- Many investors have made money with Bitcoin.
- You may decide to put some money into it, but you'll want to proceed with caution.
Don't move forward without hearing what she has to say.
It's been a rough go for cryptocurrency investors, to say the least. Over the past few months, Bitcoin and other digital currencies have seen their value plunge. And while that's a bad thing for the people who own those assets, it could spell opportunity for those looking to add Bitcoin to their portfolios.
You may be interested in buying Bitcoin because you like the idea of investing in an alternative asset to the stocks you have in your brokerage account. And you'll often hear that diversification is an important thing to have in your portfolio, and Bitcoin or other digital currencies might lend to that.
But if you're going to put money into Bitcoin, you'll want to proceed carefully. In fact, it pays to take some key advice from financial expert Suze Orman into account in the context of crypto investing.
Only invest money you can afford to lose
Like all digital currencies, Bitcoin is still considered to be a speculative investment. As such, it's generally considered to be a riskier investment than something like a stock or bond.
That's why Orman insists that if you're going to buy Bitcoin, you should only invest money you can afford to lose. That way, if the value of your investment sinks, it won't mess up your financial plans or prevent you from meeting key goals, like being able to retire when you want to.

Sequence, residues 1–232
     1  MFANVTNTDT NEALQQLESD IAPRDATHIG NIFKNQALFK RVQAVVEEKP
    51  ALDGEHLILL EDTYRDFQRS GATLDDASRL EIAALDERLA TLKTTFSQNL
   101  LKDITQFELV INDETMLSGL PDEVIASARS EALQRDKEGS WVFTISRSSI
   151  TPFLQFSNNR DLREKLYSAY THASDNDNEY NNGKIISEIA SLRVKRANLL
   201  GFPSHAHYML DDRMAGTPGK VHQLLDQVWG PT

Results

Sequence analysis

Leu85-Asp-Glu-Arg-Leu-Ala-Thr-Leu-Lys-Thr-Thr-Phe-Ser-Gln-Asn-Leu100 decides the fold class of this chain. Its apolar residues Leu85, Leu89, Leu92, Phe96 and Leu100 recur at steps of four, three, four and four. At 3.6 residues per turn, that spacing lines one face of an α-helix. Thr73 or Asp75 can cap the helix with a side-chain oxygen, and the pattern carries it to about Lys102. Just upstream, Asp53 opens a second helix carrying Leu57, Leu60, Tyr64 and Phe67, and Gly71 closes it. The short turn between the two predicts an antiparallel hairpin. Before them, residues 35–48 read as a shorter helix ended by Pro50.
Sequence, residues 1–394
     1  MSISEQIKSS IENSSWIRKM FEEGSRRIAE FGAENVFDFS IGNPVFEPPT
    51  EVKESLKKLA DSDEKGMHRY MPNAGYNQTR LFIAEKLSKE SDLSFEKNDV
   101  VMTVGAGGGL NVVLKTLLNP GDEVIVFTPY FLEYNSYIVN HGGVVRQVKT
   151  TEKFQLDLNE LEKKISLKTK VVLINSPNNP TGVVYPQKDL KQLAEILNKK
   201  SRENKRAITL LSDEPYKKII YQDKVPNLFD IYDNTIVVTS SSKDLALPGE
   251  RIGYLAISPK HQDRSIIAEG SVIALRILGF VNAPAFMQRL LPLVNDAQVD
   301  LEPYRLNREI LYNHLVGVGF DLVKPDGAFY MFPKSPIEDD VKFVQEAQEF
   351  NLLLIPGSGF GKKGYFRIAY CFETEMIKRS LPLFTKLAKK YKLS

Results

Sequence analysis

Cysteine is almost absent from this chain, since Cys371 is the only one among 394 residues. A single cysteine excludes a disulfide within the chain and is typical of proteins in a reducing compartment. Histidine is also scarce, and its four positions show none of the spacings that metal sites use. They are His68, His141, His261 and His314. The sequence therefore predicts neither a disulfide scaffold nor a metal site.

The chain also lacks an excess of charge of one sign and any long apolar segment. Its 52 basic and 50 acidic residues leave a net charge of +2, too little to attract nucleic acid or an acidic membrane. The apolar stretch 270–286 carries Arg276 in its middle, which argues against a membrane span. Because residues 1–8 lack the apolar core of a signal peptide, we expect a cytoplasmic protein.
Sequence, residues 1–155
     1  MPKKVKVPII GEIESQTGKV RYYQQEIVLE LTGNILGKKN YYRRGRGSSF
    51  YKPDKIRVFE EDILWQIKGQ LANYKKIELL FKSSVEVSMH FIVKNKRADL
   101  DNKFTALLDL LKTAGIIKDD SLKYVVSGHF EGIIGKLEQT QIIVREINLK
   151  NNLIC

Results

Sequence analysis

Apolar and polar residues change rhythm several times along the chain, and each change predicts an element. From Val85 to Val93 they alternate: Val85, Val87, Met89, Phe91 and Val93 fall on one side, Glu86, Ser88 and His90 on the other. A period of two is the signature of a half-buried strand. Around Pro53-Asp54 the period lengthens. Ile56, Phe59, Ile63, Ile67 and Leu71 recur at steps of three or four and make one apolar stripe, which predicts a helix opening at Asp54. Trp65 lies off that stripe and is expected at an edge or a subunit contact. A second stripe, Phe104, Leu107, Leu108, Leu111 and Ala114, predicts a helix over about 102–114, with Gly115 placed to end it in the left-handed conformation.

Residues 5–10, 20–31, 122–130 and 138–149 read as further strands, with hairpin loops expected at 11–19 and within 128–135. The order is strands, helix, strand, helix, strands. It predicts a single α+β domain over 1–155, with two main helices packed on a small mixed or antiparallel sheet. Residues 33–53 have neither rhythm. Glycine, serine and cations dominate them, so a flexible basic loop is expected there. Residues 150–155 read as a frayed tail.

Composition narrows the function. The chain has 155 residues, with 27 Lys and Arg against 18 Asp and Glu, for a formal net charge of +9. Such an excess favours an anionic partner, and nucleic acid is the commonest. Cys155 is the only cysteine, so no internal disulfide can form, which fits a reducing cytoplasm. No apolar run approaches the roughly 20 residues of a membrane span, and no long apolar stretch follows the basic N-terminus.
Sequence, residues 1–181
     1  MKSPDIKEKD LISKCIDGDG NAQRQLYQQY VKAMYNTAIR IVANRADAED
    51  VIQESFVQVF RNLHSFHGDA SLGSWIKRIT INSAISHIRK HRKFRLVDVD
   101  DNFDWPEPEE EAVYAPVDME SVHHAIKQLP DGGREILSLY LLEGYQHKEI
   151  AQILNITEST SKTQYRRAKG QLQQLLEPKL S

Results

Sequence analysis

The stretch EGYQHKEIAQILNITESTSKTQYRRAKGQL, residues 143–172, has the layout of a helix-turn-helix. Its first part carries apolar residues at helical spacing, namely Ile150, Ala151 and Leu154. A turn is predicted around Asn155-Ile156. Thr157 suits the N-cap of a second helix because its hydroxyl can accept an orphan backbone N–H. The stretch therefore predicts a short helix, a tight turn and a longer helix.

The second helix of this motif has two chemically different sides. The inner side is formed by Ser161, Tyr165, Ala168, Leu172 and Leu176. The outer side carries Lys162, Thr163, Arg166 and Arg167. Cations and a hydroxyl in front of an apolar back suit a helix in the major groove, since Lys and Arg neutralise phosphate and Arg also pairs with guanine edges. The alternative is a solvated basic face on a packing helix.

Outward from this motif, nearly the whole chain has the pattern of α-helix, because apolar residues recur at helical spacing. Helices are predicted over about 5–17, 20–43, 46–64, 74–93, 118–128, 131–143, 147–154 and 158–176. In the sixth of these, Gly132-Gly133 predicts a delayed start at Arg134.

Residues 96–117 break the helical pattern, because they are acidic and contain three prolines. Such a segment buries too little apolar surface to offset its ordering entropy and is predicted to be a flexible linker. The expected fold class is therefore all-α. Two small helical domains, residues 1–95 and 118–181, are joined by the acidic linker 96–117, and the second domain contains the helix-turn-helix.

Now, one thing it's important to realize is that all investments carry risk. If you want to eliminate risk completely in the course of putting your money to work, then you'll need to stick to a savings account or CD and hope it pays you enough interest to make your goals achievable.
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But most of us know that keeping all of our money in savings isn't the most effective way to grow wealth over time. Rather, it's a good idea to invest cash you don't need right away and don't have earmarked for emergencies. But it's also important to recognize the risk you take on in doing so. And while stocks carry plenty of risk, it's easy to argue that crypto is even riskier because it's newer, less established, and subject to different regulations down the line -- among other things.
Should you be buying Bitcoin?
Let's imagine you have a fully loaded emergency fund and a nice portfolio of stocks in your brokerage account or IRA. If you're sitting on $5,000 you don't need for a near-term goal like buying a house, then you may decide to put it into Bitcoin, and that's okay -- as long as you first come to the terms with the idea of potentially losing it all.
Of course, there's a very good chance the crypto market will rebound and the value of Bitcoin will once again soar. So if you buy it at a low, you might profit nicely. But keep Orman's advice and warning in mind before you make that choice so you don't wind up regretting it sorely after the fact.
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